Monday, September 10, 2007

Osama bin Laden: Media Star

If you liked Osama bin Laden's video that came out earlier this month, you'll love his new video, appearing soon on a screen near you!

At least, that seems to be what Al Qaeda is hoping. An "Islamic militant Web site" featured a banner announcing bin Laden's coming hit. The New York Sun's Associated Press article quoted the banner in English, although I'm pretty sure it's a translation. Here it is:

"'Coming soon, God willing, the testament of the attacks on New York and Washington, Abu Musab Waleed al-Shehri, presented by Sheik Osama bin Laden, God preserve him,' the banner read. It showed an image of Sheik bin Laden wearing the same black beard and clothes as in the most recent video."

I'm not a big Bin Laden fan, myself, mostly because I prefer a society where my wife can get groceries on her own, my daughters can learn to read and write, and my son won't be taught to beat his future wife and daughters. Call me a bigot, but I don't approve of beliefs like that.

As a reminder of a previous Al Qaeda mega-happening, Abu Musab Waleed al-Shehri is one of the nineteen martyrs who struck a blow against the infidel five years and 364 days ago today.

(I learned something today. Sheik (شيخ‎) seems to be Bin Laden's preferred title, so in the spirit of multiculturalism, I'll drop the western "Mr.")

Related posts, on Individuals and the War on Terror.


Brigid said...

Sheik? Isn't that like a king?

Somehow, Bin Laden doesn't seem very royal to me.

Brian H. Gill said...

In this case, "Sheik" would be "the leader of an Arab village or family." (See Princeton's WordNet Search)

In fact, Sheik Usama Bin Laden is quite an imposing man. I understand that he's over six feet tall, something that's presumably made it difficult to blend in with many Middle Eastern populations.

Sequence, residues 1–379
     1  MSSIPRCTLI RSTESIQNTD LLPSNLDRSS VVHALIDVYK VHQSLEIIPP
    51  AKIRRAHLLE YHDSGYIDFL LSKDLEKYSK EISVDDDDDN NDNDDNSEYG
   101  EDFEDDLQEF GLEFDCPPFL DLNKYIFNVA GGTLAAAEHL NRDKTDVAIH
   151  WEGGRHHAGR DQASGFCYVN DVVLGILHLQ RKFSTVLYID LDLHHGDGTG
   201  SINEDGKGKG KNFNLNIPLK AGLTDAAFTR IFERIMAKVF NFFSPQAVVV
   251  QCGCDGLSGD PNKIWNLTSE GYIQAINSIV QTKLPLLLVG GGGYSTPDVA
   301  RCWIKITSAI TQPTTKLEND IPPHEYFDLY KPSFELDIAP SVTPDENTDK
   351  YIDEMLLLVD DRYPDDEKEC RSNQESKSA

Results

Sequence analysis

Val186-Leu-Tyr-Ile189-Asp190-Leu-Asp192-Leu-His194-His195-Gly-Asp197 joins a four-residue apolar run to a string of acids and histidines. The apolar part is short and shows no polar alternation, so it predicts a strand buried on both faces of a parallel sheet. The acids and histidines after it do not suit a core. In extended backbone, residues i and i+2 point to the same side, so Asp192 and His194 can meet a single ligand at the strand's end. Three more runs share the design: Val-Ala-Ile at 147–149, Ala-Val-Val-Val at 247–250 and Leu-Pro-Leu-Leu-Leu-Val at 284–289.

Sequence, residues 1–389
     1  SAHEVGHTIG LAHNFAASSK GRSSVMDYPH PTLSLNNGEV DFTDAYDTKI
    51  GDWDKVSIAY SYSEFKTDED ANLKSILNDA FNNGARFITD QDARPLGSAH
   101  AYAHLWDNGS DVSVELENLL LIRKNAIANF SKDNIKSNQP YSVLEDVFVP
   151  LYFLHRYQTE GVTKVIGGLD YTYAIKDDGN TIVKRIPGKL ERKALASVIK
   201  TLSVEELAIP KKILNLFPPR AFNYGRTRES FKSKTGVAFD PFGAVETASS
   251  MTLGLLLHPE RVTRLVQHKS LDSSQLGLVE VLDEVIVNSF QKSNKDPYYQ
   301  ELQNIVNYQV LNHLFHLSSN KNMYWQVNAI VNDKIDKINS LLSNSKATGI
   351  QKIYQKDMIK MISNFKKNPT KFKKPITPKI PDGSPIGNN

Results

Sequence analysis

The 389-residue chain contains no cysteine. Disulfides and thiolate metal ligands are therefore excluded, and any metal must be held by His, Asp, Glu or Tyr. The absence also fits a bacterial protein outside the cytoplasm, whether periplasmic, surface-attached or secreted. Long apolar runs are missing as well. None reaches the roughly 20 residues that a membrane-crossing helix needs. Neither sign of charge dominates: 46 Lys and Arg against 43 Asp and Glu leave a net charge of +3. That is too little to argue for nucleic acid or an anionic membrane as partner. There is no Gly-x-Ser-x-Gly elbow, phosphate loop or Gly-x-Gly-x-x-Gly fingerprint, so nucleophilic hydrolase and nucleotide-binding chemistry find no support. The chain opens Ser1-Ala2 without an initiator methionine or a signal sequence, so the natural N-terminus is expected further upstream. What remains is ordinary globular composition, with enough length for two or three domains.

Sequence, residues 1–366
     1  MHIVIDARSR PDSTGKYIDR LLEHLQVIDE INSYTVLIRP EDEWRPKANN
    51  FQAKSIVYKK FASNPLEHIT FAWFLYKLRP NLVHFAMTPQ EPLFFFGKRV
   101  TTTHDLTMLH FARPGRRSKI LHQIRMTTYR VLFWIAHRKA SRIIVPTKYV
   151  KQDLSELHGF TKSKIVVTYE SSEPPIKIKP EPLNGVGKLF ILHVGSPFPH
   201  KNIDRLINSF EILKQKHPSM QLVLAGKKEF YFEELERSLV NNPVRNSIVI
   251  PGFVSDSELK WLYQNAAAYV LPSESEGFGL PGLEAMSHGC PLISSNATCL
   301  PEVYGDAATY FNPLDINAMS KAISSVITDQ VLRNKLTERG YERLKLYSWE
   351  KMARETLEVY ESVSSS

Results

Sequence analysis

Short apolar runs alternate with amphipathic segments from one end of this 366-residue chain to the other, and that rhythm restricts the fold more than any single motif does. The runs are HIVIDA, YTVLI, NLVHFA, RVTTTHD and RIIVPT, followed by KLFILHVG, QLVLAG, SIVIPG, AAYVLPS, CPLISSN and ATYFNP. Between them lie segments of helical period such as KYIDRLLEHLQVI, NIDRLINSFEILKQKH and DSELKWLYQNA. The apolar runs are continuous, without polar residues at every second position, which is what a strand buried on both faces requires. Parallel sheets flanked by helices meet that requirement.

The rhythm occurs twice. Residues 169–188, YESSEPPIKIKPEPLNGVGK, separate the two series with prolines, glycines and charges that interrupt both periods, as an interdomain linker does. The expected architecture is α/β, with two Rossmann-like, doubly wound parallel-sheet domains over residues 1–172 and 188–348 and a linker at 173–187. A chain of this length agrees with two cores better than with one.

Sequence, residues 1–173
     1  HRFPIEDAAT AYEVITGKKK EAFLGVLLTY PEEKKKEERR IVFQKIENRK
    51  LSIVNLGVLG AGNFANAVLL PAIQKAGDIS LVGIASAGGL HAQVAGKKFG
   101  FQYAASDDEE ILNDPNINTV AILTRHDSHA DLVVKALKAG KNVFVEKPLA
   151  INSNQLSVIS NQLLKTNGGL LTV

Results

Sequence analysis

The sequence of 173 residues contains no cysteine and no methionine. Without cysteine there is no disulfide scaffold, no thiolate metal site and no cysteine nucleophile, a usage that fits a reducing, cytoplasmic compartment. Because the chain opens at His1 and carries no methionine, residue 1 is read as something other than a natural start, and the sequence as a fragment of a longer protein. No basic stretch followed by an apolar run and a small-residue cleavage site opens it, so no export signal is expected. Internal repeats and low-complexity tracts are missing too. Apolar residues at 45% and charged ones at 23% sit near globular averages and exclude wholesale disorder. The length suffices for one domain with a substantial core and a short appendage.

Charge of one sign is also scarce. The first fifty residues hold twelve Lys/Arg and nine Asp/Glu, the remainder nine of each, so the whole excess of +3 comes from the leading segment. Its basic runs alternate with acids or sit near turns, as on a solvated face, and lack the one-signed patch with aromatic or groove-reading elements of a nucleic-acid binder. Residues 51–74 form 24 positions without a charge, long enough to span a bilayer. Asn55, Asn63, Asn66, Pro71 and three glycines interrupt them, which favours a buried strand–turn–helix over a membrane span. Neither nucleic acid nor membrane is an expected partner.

As to his manner, I think we're looking at different cultural norms here. I've noticed, in news video, at least, that leaders from that part of the world, Saudi Arabia, in particular, often have mannerisms which I would consider, well, smarmy.

Smiles that appear to be condescending, dismissive gestures, and the like.

This could be a cultural thing. Americans get loud when we get excited, typically. In Japan, I understand that speaking loudly is regarded as a sign of anger.

That made business meetings between Japanese and American business people awkward at times.

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Note! Although I believe that these websites and blogs are useful resources for understanding the War on Terror, I do not necessarily agree with their opinions. 1 1 Given a recent misunderstanding of the phrase "useful resources," a clarification: I do not limit my reading to resources which support my views, or even to those which appear to be accurate. Reading opinions contrary to what I believed has been very useful at times: sometimes verifying my previous assumptions, sometimes encouraging me to change them.

Even resources which, in my opinion, are simply inaccurate are sometimes useful: these can give valuable insights into why some people or groups believe what they do.

In short, It is my opinion that some of the resources in this blogroll are neither accurate, nor unbiased. I do, however, believe that they are useful in understanding the War on Terror, the many versions of Islam, terrorism, and related topics.